The dryline on 22 May 2002 during IHOP: Ground-radar and in situ data analyses of the dryline and boundary layer evolution

Michael S. Buban, Conrad L. Ziegler, Erik N. Rasmussen, Yvette P. Richardson

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39 Scopus citations

Abstract

On the afternoon and evening of 22 May 2002, high-resolution observations of the boundary layer (BL) and a dryline were obtained in the eastern Oklahoma and Texas panhandles during the International H2O Project. Using overdetermined multiple-Doppler radar syntheses in concert with a Lagrangian analysis of water vapor and temperature fields, the 3D kinematic and thermodynamic structure of the dryline and surrounding BL have been analyzed over a nearly 2-h period. The dryline is resolved as a strong (2-4 g kg-1 km-1) gradient of water vapor mixing ratio that resides in a nearly north-south-oriented zone of convergence. Maintained through frontogenesis, the dryline is also located within a gradient of virtual potential temperature, which induces a persistent, solenoidally forced secondary circulation. Initially quasi-stationary, the dryline retrogrades to the west during early evening and displays complicated substructures including small wavelike perturbations that travel from south to north at nearly the speed of the mean BL flow. A second, minor dryline has similar characteristics to the first, but has weaker gradients and circulations. The BL adjacent to the dryline exhibits complicated structures, consisting of combinations of open cells, horizontal convective rolls, and transverse rolls. Strong convergence and vertical motion at the dryline act to lift moisture, and high-based cumulus clouds are observed in the analysis domain. Although the top of the analysis domain is below the lifted condensation level height, vertical extrapolation of the moisture fields generally agrees with cloud locations. Mesoscale vortices that move along the dryline induce a transient eastward dryline motion due to the eastward advection of dry air following misocyclone passage. Refractivity-based moisture and differential reflectivity analyses are used to help interpret the Lagrangian analyses.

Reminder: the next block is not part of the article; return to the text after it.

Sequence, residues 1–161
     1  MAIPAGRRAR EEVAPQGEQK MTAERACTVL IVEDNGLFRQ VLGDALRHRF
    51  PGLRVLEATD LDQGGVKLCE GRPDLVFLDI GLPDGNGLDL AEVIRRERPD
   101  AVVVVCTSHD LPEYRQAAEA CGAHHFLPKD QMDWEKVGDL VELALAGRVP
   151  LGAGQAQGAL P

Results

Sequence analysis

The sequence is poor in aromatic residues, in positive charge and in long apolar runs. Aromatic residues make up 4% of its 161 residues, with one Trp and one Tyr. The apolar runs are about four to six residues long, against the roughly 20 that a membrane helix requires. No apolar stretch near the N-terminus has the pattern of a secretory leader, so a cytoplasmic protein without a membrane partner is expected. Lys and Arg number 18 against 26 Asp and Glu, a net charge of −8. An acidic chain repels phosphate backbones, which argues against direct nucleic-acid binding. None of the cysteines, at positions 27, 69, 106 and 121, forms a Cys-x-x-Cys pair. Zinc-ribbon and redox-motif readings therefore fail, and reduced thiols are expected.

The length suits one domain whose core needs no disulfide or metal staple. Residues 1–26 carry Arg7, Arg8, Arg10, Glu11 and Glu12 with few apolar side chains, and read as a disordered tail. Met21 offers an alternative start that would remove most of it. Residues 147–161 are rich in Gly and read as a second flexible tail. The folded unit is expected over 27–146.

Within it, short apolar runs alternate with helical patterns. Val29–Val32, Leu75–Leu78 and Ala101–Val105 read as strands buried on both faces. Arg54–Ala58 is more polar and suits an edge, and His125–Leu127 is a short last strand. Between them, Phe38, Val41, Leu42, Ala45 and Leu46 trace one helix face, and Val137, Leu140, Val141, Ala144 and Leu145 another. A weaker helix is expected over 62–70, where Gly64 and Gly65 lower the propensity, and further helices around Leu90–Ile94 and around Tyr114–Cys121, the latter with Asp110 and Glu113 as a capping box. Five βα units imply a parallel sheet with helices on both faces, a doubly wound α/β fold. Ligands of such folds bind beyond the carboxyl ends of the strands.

Original languageEnglish (US)
Pages (from-to)2473-2505
Number of pages33
JournalMonthly Weather Review
Volume135
Issue number7
DOIs
StatePublished - Jul 2007

All Science Journal Classification (ASJC) codes

  • Atmospheric Science

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